Human Interest

Protests as Australia holds funeral for Cardinal Pell

Sydney, Australia, Feb 2 (EFE).- Protests sparked the anger of mourners gathered for the funeral of Cardinal George Pell outside St Mary’s Cathedral in Sydney on Thursday.

Pell, who in 2018 became the most senior Catholic cleric to be convicted of child sex abuse – and who was later acquitted – died in Rome on Jan. 10 at the age of 81 following heart complications.

Chanting “Pell, go to hell,” hundreds of people gathered for a demonstration in Hyde Park, in front of the cathedral, to protest against Pell’s conservative views on LGBT+ rights and other social issues.

Likewise, child sexual abuse survivors and their supporters – who on Wednesday filled the perimeter of the cathedral with colored ribbons – joined the protest with signs such as “Forget Pell, remember children.”

The chants of the protesters, many of whom carried rainbow flags, prevented those gathered in the church courtyard from being able to see and hear the service for Pell, leading to verbal confrontations.

National broadcaster ABC reported that one man was arrested.

Inside St Mary’s, Pell’s private funeral service was held prior to his burial in the cathedral’s crypt, with hundreds of worshipers in attendance, including former conservative prime ministers John Howard and Tony Abbott and opposition leader Peter Dutton, with notable absences including current leader Anthony Albanese.

In his homily, Archbishop of Sydney Anthony Fisher said Pell “was a far from perfect prince: the calumnies of his enemies were baseless, and his imprisonment wrongful, and he is remembered by history as Richard Coeur de Lion, the Lion Heart, because of his courage,” comparing him to the 12th century king of England.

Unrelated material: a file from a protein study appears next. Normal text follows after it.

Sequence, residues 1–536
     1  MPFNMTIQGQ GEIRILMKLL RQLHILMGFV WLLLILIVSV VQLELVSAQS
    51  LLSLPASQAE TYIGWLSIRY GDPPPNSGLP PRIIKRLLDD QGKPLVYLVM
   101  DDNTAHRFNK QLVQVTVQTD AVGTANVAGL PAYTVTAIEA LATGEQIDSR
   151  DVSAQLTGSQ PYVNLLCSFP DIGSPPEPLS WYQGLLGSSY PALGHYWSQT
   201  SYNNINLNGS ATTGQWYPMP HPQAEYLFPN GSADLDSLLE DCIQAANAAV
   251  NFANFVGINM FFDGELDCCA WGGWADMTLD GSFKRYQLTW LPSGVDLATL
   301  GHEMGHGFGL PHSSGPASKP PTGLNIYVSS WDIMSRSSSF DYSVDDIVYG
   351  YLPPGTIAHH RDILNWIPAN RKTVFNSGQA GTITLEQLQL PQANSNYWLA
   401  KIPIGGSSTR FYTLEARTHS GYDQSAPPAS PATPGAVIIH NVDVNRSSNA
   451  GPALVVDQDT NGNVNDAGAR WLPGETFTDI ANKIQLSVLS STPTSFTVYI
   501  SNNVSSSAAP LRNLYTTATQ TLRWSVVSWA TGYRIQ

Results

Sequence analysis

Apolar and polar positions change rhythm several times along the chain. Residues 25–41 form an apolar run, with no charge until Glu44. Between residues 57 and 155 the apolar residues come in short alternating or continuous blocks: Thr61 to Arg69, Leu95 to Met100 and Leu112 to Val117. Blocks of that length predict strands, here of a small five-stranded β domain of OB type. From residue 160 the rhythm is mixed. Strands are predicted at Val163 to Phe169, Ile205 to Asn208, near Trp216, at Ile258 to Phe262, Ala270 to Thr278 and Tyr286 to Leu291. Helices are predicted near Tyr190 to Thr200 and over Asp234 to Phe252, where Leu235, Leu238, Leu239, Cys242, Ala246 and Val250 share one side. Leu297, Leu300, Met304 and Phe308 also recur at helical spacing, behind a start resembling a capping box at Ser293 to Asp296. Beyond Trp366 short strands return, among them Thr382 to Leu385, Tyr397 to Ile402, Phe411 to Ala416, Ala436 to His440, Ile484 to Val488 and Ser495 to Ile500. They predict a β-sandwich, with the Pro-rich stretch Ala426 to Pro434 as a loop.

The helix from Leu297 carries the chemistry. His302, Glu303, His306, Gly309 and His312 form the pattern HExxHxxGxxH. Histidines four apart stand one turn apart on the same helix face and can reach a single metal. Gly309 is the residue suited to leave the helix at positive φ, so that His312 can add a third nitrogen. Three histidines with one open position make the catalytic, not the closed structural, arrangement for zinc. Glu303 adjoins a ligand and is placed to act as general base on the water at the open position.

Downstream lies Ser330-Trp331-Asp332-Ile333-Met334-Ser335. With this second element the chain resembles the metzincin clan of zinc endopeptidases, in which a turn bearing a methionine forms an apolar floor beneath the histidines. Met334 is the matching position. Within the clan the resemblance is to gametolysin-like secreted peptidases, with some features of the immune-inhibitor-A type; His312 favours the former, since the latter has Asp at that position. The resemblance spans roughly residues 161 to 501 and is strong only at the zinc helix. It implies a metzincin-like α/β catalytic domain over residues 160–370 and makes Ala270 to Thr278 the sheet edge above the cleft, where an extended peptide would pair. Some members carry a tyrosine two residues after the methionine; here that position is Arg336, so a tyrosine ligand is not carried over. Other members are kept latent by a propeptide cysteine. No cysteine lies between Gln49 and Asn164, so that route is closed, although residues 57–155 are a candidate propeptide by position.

A letter from Pope Francis was also read out, highlighting the contribution of Pell as prefect emeritus of the Vatican secretariat for the economy, to the economic reform of the Holy See and his “unwavering” following of God, “even in the hour of trial.”

Pell, a figure that polarizes Australia, was in 2018 convicted of five counts of sexual abuse against two boys in the 1990s and later sentenced to six years in prison. In April 2020 he was acquitted by the country’s highest court.

A government royal commission heard that between 1980 and 2015, 4,444 people alleged they were abused as children in more than 1,000 Catholic institutions of the country with 1,880 alleged perpetrators identified. The commission in 2020 determined that Pell knew of child sexual abuse by clergy and failed to take proper steps to act on complaints.

Pell was born in Ballarat, Victoria, and returned to his hometown to become a priest and begin his long career in which he served as the archbishop of both Melbourne (1996) and Sydney (2001), and became Vatican treasurer in 2014. EFE


Related Articles

Back to top button